On Saturday, 19th February 2022, an NFT scam done through a Phishing attack on the world’s largest NFT exchange, Opensea, resulted in the loss of over 250 NFTs worth about $2 million. This kind of news gets investors apprehensive. NFT scams are a menace to look out for constantly to avoid falling victim.
Scams are ubiquitous on the internet, with different scams used to target its various sectors. Evidently—with the sales of NFTs skyrocketing in the past couple of years, NFT scams targeted specifically towards them were only a matter of when not if.
Are NFTs a scam? No! However, NFT scams form a significant part of blockchain scams that have bedeviled the blockchain.
How do NFT scams work?
NFT scams occur through different formats, targeting and exploiting the rare loopholes on the blockchain. Some target security lapses from users, some focus on target high-value NFTs while some create bogus NFTs, pump and dump worthless arts, etc. The list is extensive.
Common NFT scams (and how to avoid them)
NFT scams, like many other scams on the internet, prey on the naivety of blockchain users. While some scammers are a tad smart, some exploit opportunities. Nevertheless, they are preventable, and it starts with the right information.
Phishing scams and suspicious pop-ups / Fake NFT websites
NFT scams that occur through email supposedly from reliable sources but are cloned or similarly worded email addresses. They mostly contain harmful links or false information. The email may imitate NFT marketplaces or collections with suspicious links.
They are avoidable by verifying the sender’s email addresses, carefully reading the content of the mail, and avoiding clicking on links. NFT marketplaces or collections most likely won’t send emails with links out of the blue unless the user took an action that would warrant such.
Catfishing and fake personas / Social media impersonation
This type of NFT scam involves impersonating someone of high authority in the field. The perpetrator tries to influence others into taking actions beneficial to them.
Avoid this by verifying every profile; chances are, the hints are there. Also, check the person’s history on the platform. While the blue tick is an authenticity stamp, not all legitimate profiles have them. So, verifying an identity goes beyond the blue tick to their history, interaction, and community.
Pump-and-dump scams are a popular type of blockchain scam involving pumping the value of a token or NFT or a collection with false transactions. The aim is for the proprietor of the pump to sell once the value increases exponentially, leaving others in the lurch.
There is a reason why the first rule of blockchain investment is the famous “Do your own research, (DYOR). Do not take this lightly—research extensively before investing in any token or NFT. There are many ways to do this, using different metrics available on the internet.
Fake bidding accounts join the bidding process during secondary NFT sales and swap out their currency for a less valuable one, keeping the same number. Scammers do this with the hope that the seller won’t notice.
This scam preys on lack of attention to detail, always crosscheck the currency of the bidder after every bid to be sure. You can also set a fixed-price sale to avoid this scam if the chances are high.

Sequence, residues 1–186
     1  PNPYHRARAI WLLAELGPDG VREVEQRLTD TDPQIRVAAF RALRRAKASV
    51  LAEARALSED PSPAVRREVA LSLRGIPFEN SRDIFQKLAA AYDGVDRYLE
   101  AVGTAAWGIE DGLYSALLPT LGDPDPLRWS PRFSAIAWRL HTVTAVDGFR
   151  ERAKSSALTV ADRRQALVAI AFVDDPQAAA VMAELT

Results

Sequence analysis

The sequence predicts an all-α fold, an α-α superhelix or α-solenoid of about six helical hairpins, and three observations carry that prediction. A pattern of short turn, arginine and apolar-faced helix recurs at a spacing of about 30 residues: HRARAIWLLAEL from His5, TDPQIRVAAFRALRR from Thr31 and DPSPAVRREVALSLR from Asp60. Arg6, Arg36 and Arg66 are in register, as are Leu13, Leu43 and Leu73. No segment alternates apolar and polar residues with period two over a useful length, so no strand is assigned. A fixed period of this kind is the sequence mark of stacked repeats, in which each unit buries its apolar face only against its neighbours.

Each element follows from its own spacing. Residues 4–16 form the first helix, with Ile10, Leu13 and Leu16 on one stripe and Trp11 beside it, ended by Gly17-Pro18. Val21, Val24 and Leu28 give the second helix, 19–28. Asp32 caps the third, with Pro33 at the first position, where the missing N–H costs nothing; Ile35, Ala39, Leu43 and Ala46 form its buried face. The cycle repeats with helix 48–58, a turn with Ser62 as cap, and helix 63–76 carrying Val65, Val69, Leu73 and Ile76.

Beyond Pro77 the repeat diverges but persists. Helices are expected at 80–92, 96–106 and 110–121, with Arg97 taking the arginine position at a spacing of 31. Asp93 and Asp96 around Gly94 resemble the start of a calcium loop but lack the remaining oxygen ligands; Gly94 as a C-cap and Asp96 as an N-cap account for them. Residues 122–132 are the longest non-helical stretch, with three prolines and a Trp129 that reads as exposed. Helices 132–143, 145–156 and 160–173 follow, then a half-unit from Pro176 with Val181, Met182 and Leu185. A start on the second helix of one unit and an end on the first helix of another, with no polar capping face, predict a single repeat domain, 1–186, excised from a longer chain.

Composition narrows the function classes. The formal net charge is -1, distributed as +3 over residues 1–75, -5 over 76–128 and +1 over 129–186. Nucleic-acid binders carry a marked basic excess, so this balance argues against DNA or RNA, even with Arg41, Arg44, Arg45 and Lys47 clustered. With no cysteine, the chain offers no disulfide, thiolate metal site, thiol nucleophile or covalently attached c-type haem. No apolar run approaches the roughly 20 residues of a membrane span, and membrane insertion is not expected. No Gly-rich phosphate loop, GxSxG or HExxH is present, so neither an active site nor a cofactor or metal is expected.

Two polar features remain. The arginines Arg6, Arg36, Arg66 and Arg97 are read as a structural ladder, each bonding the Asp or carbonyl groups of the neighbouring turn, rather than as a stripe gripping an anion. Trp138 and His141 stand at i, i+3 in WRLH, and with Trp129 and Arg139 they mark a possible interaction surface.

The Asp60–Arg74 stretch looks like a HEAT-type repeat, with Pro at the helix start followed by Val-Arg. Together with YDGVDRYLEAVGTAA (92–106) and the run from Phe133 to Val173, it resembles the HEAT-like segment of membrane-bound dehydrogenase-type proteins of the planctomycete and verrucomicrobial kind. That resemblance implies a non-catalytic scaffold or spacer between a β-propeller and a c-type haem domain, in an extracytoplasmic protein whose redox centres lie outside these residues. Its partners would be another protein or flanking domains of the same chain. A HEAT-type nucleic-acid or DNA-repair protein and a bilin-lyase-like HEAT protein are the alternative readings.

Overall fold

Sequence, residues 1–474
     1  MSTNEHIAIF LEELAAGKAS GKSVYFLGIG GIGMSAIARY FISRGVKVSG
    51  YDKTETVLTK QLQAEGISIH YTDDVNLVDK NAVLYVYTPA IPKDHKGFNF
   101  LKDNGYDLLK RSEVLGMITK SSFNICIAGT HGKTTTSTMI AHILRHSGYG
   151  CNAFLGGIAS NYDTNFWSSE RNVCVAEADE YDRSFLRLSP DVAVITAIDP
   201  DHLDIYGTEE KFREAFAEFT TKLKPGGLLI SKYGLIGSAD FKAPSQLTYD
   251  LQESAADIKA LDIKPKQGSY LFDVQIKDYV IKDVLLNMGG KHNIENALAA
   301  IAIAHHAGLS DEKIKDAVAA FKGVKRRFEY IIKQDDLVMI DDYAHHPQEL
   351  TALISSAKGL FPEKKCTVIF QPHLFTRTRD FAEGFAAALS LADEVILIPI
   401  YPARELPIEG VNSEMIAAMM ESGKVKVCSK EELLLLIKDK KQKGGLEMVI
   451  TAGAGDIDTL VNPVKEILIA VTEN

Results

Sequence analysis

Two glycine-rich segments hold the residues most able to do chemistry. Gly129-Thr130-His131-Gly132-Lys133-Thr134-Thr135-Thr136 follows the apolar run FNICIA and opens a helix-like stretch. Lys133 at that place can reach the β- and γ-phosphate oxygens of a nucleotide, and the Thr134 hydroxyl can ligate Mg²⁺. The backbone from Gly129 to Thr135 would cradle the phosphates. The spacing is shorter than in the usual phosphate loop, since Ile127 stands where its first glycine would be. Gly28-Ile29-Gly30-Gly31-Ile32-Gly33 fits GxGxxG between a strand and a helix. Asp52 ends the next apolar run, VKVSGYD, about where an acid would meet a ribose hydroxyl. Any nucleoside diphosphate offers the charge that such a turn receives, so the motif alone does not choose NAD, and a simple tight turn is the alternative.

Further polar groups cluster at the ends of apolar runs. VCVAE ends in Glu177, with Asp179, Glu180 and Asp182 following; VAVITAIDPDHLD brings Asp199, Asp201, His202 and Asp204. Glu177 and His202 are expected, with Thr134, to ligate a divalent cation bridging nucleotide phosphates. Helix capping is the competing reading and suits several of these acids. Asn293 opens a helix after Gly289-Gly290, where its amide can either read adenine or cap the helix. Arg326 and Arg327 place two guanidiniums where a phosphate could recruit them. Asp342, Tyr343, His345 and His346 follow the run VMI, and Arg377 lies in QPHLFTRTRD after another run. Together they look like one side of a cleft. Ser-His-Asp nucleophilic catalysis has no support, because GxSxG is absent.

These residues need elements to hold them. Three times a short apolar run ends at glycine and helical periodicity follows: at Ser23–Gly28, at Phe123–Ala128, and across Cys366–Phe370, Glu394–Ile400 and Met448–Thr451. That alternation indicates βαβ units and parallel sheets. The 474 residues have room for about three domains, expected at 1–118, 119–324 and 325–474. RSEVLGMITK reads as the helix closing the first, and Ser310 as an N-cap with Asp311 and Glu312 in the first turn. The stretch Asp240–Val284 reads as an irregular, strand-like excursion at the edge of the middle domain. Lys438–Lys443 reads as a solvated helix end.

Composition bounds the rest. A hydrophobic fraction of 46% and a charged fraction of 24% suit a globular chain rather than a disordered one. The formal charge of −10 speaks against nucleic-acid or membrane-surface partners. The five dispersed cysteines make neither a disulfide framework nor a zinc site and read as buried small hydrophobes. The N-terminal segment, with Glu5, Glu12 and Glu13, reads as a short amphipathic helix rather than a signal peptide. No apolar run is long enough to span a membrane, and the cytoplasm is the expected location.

Counterfeit or plagiarized NFTs
Scammers create knock-offs of popular or high-value NFTs to sell to unsuspecting collectors. It’s pretty easy to fall to the appeal of a freshly minted NFT due to FOMO. However, new doesn’t mean original or certify potential.
Always check the seller’s profile for a verification tick, and link to the community on Twitter and Discord.
Untrustworthy storage sites
Storage sites provide facilities for storing minted NFTs, hence their importance to the NFT space. On the contrary, fake storage sites will make your NFTs disappear faster than other scams.
Research the history behind the storage site, the creators, and the user’s to be sure. Always check the URL, domain name and extension, and other things that verify a site’s credibility.
Fake NFT offers
This NFT scam often occurs through phishing links sent to emails or pop-ups. Clicking on the link will take the person to a fake NFT offer page. Because these scammers put so much effort into them, the signs are not always clear, so NFT collectors may fall prey easily.
Avoid clicking on any suspicious links anywhere on the internet.
NFT giveaways/airdrop scams
Scammers do fake giveaways or airdrops to access a participant’s wallet, and they clear the content after.
If you must participate in giveaways, create a new wallet dedicated solely to them, verify the socials of the proprietors or abstain totally.
Customer support impersonation
Twitter and Discord are the two most important social media platforms for NFTs. Scammers are aware of this, and they use the opportunity to pose as customer support channels to collectors who have questions on there. They use this opportunity to gain access to vital information by asking questions that could trigger the release of such.
The best way to connect on social media with any NFT creator or collection is through their official website or verified accounts on NFT marketplaces.
Fake NFT projects (rug pull scams)
With millions of NFTs existing on the blockchain, many have little or non-existent resale value. They offer no actual utility, just arts and nothing else. They may not necessarily be fake but poorly planned and lazily thought-out projects with no investment value.
Thankfully, blockchain explorer helps filter these projects using rug pull detection tools.
How to avoid NFT scams
- Never click on suspicious links or attachments
- Create strong passwords
- Enable two-factor authentication
- Verify NFT seller accounts
- Never share your seed/recovery phrase